COMMENTARY’s Sohrab Ahmari has done invaluable work shaming the Western press for patronizing the Palestinian people and robbing them of their agency. We are told that the Palestinian population in Gaza is acting out in response to a blockade around that tiny piece of land, which has transformed the Strip into “an open-air prison.” Less is said about the actions that led to those blockades: Israel’s unprecedented removal of Jews from Gaza, the 2006 election (Gaza’s last election) that led to Hamas’s ascension, and the conflicts the Hamas-led government waged against Israel and Egypt. All of these things yielded the conditions with which Gazans struggle today.

But that was yesterday. Today, the political press has adopted a new narrative into which the old one has been subsumed. That narrative goes something like this: Israel’s violent response to the efforts of thousands of Palestinians to breach the Israeli border (with explicitly murderous intent) has marred not only the opening of the U.S. embassy in Jerusalem but the 70th anniversary of Israel’s founding. On front pages from Sacramento to Seoul, images of the bloodshed at the border were juxtaposed with pictures of American delegates happily dedicating the new embassy—implying without explicitly stating causality. For many in the commentary class, the temptation to surrender to emotion and condemn Israel for its actions has been too great to resist. Yet these positioning statements overlook many of the harder questions with which the political press should concern itself.

Among those questions are, for example, why Gaza? Yesterday’s events were not the first of their kind. Urged on by Hamas, Gazans began crowding the border with the intent to harass Israeli security forces as early as February. Those protests quickly became violent, when an improvised explosive device hidden under a Palestinian flag near the border wounded four IDF soldiers and ignited a night of Israeli retaliatory strikes on Gazan targets. Similar mass demonstrations followed in March and April, during which civilians crowded the Gazan border with the express intent to provide Hamas militants the opportunity to breach the fence.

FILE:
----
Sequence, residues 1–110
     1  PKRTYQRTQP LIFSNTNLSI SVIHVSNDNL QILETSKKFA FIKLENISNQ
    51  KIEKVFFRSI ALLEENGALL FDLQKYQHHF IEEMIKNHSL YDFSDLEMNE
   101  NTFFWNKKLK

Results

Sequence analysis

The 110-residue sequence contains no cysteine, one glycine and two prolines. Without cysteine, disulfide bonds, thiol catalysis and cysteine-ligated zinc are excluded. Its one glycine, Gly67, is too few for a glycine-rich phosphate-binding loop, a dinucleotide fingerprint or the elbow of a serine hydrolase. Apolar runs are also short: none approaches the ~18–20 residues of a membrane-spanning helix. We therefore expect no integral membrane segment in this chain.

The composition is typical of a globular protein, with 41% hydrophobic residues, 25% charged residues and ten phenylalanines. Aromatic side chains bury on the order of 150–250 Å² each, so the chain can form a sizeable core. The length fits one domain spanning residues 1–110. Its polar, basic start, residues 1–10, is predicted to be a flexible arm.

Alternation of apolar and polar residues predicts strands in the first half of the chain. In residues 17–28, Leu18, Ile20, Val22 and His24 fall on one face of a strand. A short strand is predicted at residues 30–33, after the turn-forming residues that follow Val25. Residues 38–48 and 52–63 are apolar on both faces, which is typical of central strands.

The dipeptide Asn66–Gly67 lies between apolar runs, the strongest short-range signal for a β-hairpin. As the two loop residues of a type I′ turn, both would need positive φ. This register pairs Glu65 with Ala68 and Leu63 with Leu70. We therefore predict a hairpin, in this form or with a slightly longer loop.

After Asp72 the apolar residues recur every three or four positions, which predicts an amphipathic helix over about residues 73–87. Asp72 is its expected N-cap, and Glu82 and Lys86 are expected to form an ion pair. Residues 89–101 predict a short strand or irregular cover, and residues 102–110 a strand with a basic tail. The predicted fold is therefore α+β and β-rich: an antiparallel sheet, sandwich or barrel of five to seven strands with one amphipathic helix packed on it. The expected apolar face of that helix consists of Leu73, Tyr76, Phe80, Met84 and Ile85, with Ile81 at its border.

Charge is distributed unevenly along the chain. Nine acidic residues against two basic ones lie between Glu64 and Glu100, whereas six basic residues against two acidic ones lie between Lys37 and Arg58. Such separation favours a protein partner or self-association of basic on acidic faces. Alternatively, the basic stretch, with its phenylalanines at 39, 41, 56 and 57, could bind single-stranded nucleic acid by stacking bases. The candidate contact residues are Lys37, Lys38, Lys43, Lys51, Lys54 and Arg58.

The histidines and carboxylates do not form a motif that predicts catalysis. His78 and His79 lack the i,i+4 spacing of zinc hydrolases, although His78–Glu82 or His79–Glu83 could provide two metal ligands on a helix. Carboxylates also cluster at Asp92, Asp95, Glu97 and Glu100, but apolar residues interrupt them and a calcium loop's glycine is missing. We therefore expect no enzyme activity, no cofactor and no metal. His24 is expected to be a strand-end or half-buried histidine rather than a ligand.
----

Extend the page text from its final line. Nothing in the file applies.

Each time, those confrontations resulted in numerous casualties and several fatalities among Palestinians. No doubt, many of those fatalities were civilians; that is to be expected when civilians are explicitly placed in the line of fire. But just how indiscriminate were those deaths? Both Hamas and Israeli officials agree that 80 percent of the fatalities in April —26 of 32 dead—were identified as Hamas militants. As for yesterday’s confrontation, Hamas’s Internal Security Apparatus claimed that 16 of the dead were members either of their organization or the Palestinian Islamic Jihad. A Hamas official has since claimed that as many as 50 of the 60 who were reportedly killed at the border on Monday were “martyrs of Hamas.” As Gen. Martin Dempsey said during Israel’s 2014 incursion into Gaza, though they may at times be unavoidable, “The IDF is not interested in creating civilian casualties.” Some have suggested that Israel should have resorted primarily to non-lethal munitions—as they generally did, indicated by images featuring copious amounts of tear gas. The apparent targeting by snipers of suspected militants suggests that these fatalities were not the result of recklessness by individual IDF soldiers or a crowd control operation gone wrong.